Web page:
Tables giving measured galaxy distances used to construct a map ofobserved peculiar velocities, and giving a grid of the distribution oflight used to construct a map of expected peculiar velocities arepresented. A preferred model was developed which yielded a best fitbetween these maps, and this model was used to generate output kinematicdistances which are recorded for groups and individual galaxies withV0 of less than 3000 km/s. In terms of the ratio ofpeculiar-to-systemic velocities, the local velocity anomaly is the mostimportant perturbation involving substantial numbers of galaxies forthis case. The ratio of these quantities in this case is larger than forthe more famous cases of the Virgocentric or Great Attractorperturbations. Maps which illustrate the fit of the present mass modelto the velocity data in the local region are provided. A graphicaldemonstration of the relative importance of large-scale streaming tolocal motions within the context of this model is presented.

Infrared emission in paired galaxies. II - Luminosity functions and far-infrared properties
The optical and FIR luminosities and other FIR properties areinvestigated for pairs of galaxies selected from the Catalog of IsolatedPairs of Galaxies in the Northern Sky. Significant evidence is found foran enhancement in both the optical and FIR emission from galaxies inpairs which can be attributed to interaction-induced star formationactivity. The enhancement is seen in the optical luminosity function forall types of pairs, including early-type binaries. At FIR wavelengths,both late-type and mixed morphology pairs show an enhancement inluminosity, FIR-to-optical luminosity ratio, and FIR 60/100 micron colorratio. A significant fraction of these pairs may be involved in directcollisions resulting in the stimulation of excess emission from bothpair components.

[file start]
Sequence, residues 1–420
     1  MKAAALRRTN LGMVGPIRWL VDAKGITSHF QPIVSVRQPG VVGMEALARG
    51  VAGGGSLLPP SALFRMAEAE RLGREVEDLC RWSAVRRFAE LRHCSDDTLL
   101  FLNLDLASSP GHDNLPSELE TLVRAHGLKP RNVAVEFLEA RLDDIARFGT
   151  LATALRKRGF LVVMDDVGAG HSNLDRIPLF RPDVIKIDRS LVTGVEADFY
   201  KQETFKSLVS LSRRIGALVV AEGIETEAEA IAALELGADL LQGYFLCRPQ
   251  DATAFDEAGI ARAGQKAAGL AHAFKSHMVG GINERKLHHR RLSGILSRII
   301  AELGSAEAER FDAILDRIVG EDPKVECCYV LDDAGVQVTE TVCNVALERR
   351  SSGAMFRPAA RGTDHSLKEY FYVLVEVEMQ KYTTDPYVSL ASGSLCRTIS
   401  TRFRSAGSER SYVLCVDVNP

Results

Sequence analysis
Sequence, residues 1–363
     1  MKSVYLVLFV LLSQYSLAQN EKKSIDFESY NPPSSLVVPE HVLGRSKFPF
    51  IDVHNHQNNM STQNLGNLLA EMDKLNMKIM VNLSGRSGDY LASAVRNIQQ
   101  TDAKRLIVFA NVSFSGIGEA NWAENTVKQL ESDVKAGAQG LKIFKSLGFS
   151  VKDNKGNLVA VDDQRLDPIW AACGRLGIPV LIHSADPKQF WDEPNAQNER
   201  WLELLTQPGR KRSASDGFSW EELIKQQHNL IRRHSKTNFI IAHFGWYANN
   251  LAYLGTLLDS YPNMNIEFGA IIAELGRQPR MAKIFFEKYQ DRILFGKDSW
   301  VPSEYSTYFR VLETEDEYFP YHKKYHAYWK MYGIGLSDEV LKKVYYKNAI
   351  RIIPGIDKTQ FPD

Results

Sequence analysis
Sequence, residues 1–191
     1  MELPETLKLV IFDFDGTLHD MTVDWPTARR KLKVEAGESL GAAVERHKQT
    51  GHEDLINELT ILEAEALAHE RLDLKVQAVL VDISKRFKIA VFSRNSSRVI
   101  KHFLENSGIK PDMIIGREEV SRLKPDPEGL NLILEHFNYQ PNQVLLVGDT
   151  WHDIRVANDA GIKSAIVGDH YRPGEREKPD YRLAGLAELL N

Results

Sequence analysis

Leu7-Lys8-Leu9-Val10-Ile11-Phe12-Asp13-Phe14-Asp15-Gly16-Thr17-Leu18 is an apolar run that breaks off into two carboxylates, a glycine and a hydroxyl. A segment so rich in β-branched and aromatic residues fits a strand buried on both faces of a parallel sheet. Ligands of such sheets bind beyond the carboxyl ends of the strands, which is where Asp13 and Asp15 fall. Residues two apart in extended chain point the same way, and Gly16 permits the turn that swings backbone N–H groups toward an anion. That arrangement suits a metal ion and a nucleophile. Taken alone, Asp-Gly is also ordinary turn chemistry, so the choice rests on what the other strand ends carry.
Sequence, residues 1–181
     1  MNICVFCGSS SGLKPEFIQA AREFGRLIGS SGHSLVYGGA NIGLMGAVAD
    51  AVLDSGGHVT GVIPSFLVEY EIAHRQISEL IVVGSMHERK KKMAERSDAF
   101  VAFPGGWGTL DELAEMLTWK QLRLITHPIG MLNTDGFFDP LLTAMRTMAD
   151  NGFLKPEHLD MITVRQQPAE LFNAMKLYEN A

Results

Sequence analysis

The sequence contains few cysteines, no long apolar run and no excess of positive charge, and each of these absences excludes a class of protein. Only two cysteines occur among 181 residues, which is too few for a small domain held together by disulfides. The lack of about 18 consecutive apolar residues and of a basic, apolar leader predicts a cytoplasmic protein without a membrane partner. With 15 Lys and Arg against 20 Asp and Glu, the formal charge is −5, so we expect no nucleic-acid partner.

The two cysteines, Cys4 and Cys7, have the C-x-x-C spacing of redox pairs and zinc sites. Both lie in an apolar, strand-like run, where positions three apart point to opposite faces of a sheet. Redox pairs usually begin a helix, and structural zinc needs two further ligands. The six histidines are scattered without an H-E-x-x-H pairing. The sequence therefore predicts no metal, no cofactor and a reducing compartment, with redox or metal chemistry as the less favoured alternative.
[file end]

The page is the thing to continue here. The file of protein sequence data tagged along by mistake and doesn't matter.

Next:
The radio-far-infrared relation of interacting and non-interacting spiral galaxies. I - Observations and data collection
Data from 6.3-cm radio continuum, H I, and far-infrared (FIR)observations are presented for a sample of isolated pairs of spiralgalaxies, and for a comparison sample of noninteracting ones. H I dataare used to separate the FIR emission of the cold and warm dustcomponent, employing a modification of the model presented by Buat andDeharveng (1988). The FIR flux of the warm dust component is used toestimate the thermal radio emission for some galaxies. A comparisonbetween the calculated thermal 6.3-cm flux densities and those derivedfrom radio observations show good agreement. It is concluded that themodel for the separation of the cold and warm dust component can be usedfor a further examination of the radio-FIR correlation.

Low-frequency radio continuum evidence for cool ionized gas in normal spiral galaxies